[MUD-Dev] UO rants
tess at havensong.com
Thu Aug 24 01:05:51 New Zealand Standard Time 2000
John Buehler wrote:
> Being on the receiving end of a PvP encounter is never
> fun, and that's why I don't like PvP worlds. In the end, only the most
> powerful players are able to enjoy the experience. And those tend to be
> the hardcore gamers. Like yourself.
I would take issue with that on the basis of my own personal experience. It
seems commonly accepted that in PvP worlds, the powerful players kill those
who for whatever reason haven't learned to (or dont want to) fight. I've
often heard it said that PKers don't like to kill other PKers, they like to
kill socialisers, who are satisfyingly offended by the experience. However,
this must be a cultural thing, because in Achaea the reverse is true. If you
don't attack anyone, you are almost never attacked at random. I am very much
a socialiser type player, and achaea is very much a PvP world. And yet the
only time i was ever attacked was in revenge for killing someone who
attacked my friend. (i survived, and the attempt on my life was not
repeated). It is very much "an eye for an eye, (and no more than that)". I
dont really understand why, but there is a great culture of respect for
non-fighters, and if one of them is killed, all their more pugilistic
guildmates will surely wreak revenge on their behalf. So I would say that in
achaea at least, it is those players totally given over to PKing who have
the hardest time of it, if they care about being killed at all that is. The
socialisers mostly feel quite safe, and the battles around them give them
endless new things to talk about.
> I certainly think that those who shoot their mouth off should have some
> form of sanction applied to them. Do you really believe that any sane
> government would condone execution for foul language?
In virtual worlds, foul language and verbal abuse is different to physical
attacks, in that it is almost always taken as an OOC (and therefore much
more personal and hurtful) attack. I therefore, as an admin, take immediate
action by muting them, treating it as an OOC offence.
> As I suggested
> elsewhere (and as somebody else apparently suggested as well), perhaps
> player declarations of 'unpleasantness' or 'untrustworthiness' could be
> applied to players/characters.
I used to subscribe to this school of thought. I've yet to see it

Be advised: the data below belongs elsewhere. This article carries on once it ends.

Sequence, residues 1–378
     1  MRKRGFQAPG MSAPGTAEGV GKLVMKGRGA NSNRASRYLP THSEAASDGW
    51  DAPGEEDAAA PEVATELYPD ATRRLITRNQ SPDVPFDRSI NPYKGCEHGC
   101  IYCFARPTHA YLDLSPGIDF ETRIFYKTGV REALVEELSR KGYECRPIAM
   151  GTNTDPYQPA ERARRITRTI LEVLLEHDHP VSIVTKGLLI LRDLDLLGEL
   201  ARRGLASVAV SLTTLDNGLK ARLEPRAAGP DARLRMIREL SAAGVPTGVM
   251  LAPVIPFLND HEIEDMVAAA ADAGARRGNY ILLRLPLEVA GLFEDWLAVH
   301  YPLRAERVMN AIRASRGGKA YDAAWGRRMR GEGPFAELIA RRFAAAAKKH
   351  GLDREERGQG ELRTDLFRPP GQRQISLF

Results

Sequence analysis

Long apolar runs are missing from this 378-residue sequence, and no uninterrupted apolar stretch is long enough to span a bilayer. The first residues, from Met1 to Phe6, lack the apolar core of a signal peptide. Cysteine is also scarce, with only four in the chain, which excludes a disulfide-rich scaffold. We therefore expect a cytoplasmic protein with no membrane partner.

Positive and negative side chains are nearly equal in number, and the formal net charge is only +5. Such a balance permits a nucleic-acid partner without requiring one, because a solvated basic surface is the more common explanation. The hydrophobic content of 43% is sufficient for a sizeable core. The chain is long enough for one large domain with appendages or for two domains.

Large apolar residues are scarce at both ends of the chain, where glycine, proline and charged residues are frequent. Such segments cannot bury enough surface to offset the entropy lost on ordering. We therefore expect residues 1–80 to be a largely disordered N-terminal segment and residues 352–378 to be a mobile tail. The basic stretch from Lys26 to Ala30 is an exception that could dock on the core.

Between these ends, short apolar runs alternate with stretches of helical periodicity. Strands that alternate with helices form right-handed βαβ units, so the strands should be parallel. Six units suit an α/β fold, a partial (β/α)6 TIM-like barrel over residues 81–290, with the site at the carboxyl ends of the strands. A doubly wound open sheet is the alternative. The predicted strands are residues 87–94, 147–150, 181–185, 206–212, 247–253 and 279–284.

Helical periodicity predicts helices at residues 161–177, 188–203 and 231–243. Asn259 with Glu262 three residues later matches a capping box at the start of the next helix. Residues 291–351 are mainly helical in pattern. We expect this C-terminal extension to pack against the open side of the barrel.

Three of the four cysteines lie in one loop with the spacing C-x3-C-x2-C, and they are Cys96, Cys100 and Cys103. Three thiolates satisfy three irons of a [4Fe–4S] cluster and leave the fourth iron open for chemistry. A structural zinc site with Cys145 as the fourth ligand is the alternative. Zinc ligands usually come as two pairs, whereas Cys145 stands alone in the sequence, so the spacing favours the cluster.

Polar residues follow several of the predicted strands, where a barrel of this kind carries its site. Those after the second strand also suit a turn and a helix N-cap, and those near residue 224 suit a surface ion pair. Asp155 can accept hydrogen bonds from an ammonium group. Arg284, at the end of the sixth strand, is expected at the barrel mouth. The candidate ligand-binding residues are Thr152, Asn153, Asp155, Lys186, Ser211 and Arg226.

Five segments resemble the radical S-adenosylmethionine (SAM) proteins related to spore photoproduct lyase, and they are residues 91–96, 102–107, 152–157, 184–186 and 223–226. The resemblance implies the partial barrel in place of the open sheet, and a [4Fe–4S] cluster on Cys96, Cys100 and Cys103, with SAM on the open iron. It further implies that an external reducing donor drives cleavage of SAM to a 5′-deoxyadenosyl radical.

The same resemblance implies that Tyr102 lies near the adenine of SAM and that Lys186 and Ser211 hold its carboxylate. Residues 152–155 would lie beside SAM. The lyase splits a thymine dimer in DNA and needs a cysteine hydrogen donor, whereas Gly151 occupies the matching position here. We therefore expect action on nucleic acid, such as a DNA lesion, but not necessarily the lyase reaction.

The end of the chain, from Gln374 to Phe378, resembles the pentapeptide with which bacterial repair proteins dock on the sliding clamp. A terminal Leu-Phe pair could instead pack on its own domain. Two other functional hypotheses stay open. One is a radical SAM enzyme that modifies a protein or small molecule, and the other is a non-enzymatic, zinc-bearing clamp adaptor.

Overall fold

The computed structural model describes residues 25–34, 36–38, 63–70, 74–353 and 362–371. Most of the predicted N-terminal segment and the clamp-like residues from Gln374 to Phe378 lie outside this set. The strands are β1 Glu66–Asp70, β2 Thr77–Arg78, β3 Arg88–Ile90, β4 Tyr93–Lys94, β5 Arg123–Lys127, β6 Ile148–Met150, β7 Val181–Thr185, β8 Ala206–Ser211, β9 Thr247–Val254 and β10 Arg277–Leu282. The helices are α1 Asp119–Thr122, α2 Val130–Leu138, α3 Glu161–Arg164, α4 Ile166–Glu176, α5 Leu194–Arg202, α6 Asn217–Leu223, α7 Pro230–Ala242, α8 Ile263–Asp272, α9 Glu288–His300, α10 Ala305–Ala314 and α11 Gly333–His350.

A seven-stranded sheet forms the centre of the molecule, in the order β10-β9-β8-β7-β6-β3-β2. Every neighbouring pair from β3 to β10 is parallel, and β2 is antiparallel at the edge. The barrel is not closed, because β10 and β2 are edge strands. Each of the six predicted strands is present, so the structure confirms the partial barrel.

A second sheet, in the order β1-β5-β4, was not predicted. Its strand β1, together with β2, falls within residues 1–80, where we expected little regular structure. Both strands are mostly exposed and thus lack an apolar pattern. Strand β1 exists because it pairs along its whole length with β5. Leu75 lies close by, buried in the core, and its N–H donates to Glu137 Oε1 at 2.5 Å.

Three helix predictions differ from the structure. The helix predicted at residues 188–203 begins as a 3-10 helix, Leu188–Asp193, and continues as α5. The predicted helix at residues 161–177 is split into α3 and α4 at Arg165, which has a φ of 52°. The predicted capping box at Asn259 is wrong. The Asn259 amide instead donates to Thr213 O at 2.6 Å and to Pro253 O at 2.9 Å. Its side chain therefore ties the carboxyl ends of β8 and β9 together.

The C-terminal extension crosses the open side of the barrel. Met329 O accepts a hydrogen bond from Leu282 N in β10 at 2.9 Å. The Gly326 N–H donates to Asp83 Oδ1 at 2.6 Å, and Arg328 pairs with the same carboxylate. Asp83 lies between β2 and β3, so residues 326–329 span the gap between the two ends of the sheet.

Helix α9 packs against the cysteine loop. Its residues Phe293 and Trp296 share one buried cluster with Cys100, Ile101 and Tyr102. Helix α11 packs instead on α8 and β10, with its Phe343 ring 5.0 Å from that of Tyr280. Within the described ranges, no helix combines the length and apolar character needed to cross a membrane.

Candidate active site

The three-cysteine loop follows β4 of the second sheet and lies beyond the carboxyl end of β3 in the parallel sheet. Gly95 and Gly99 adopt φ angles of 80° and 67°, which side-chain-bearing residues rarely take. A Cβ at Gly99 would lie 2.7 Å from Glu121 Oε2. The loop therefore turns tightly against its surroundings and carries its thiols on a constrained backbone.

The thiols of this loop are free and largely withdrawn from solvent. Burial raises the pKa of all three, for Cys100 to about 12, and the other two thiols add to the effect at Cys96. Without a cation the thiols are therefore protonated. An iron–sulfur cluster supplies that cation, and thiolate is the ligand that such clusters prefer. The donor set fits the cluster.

implemented to my satisfaction. In my experience, the gossip grapevine is a
better warning of antisocial players than a mechanical reputation system.
But then, I only play games with up to a few hundred players, not several
thousand. I have no idea if the grapevine still works on those scales.
> You believe that virtual communities are different than real life
> communities. What you're missing is that a virtual community is simply
> a primitive vehicle for a real life community (real people are involved).
I used to believe this too. In fact I spent 6 months desperately trying to
create a 'real life' community in a virtual world. See
http://homepage.dtn.ntl.com/fernywood/community.htm for the vision I had in
mind. In the end I despaired and had to admit defeat. The problem is that
virtual communities *are* different to real life communities in the sense
that a significant proportion of the people are there not to build a sense
of community but to prove their superiority to each other and exert power
over each other. It took me a while to realise it, but not everyone actually
*wants* to try to get along. There is a huge amount of sociopathic behaviour
in virtual worlds because you can walk away from them untouched.
They won't become microcosms of real life communities until the social
consequences are equal in both places. And thus I believe trying to derive a
fair justice system for a virtual community based on a real life sense of
justice is somewhat doomed to failure.
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